Tracking the progress of feature development is one key strength of well-run free software projects. Big projects like Open Office and Mozilla go to some lengths to help their community rally around features that are under development. For example, you can see a list of the things Open Office developers would like to add to their product.
Keeping a good list of features planned or dreamed about, with priorities, allows the community to organise itself more effectively. Launchpad includes a number of features designed to make it easy for any project to do the same, and we call this subsystem "Blueprint".
The goals of Blueprint are:
- To make it easy for any project to keep track of features that are in various stages of proposal, definition and implementation.
- To integrate feature planning with the broader project management provided by Launchpad, such as release management.
- To help organise sprints and meetings where these features and ideas can be discussed efficiently.
Specifications are "attached" either to a distribution, like Ubuntu, or to an upstream product, like Gnomebaker.
Anybody can register a specification for an upstream project, or for a distribution. You do not have to be a project administrator, nor do you need to be a current contributor to the project. This is to encourage people to join a project by participating in new feature planning and development.
Find the relevant project in Launchpad first, then click on the "Specifications" or "Features" tab. You will see a "New specification" menu item. Select that to register your specification. Usually it is best to actually create the specification in a wiki somewhere else. Different projects have different templates or approaches to specifications - some like them detailed, some prefer lightweight specs. Either way, register the spec in Launchpad so that you can track changes in its status there, and communicate your progress to everyone else in the project.
Subscribing to specifications
If there is a specification that you are interested in, you can subscribe to that specification. You will then be emailed (assuming you have a validated email address in Launchpad) whenever that specification changes status. In addition, if the wiki that the spec is being developed in is configured to notify Launchpad by email (see SpecWikiNotifications), those notifications will be sent on to you too. In this way it is possible to receive both updates of metadata changes, and content changes to the specification.
With EssentialSpecificationSubscribers you can indicate that your participation in the feature discussion is essential, which means that the meeting planner will try not to arrange meetings on the topic unless you can be present.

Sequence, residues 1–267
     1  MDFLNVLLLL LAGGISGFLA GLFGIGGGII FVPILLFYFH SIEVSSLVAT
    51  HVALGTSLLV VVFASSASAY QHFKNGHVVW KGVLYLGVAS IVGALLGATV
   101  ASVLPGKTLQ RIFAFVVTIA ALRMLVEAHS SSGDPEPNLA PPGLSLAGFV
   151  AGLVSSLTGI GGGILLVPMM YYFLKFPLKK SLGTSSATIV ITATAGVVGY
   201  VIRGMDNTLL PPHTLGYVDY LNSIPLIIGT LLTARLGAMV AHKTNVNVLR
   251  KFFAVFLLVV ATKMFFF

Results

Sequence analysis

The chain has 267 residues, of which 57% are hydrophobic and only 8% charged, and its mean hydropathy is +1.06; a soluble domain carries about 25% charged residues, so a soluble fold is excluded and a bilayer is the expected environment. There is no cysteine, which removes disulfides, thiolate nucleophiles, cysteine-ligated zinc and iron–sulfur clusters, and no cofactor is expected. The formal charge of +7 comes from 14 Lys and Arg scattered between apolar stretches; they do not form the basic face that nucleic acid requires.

Launchpad knows about release management, and Blueprint can take advantage of this to help you plan features for a particular release.
As an upstream developer, you can tell Launchpad about a new major release (we call this a "series" since it usually means a series of releases, like 1.2.0, 1.2.1, 1.2.3 etc). You can specify a person or team that is responsible for approving or declining feature goals for that series - we call that person the "driver" of the series.
It is then possible for people to nominate their features for consideration as a goal for that series - and for the drivers to decide whether to accept or decline that feature goal. Launchpad will generate lists of the accepted feature goals and help you manage your progress in delivering the release.
If you are using milestones in your development process, then features can even be targeted to milstones, which allows you to get very finegrained reporting on your plans and progress.
Sprints and meetings
Launchpad can help you to organise sprints or meetings where you want to talk about a variety of topics or features. You can register the sprint, invite people to attend, and invite people to propose topics for discussion. Then Launchpad allows you to keep detailed track of the state of all of those topics, so that you can get the most from the time when you have everyone together.
In future, Launchpad will even help with the timetable generation for your meeting, so you can keep everyone fully occupied with the things they most want to discuss! Our goal is to make it easy to run an "unconference" where the agenda and the timetable are made up on the spot to get the most out of the collection of people who have arrived on the scene.
In future, the Launchpad feature tracker will support an XML-RPC interface so that you can interact with it from your own scripts and programs. It will also generate more sophisticated charts showing your progress over time, so you can visualise your release management and present that elegantly for your community.
We use Launchpad's feature planning heavily for Ubuntu. You can see examples of this here:
https://launchpad.net/distros/ubuntu/+specs (a list of all features proposed for future releases of Ubuntu)
https://launchpad.net/distros/ubuntu/dapper/+specs (a list of the features that were accepted as goals for Dapper, the release of Ubuntu that was made on June 1st, 2006)
For that reason, continued evolution and improvement of the tool is important to our own management and coordination.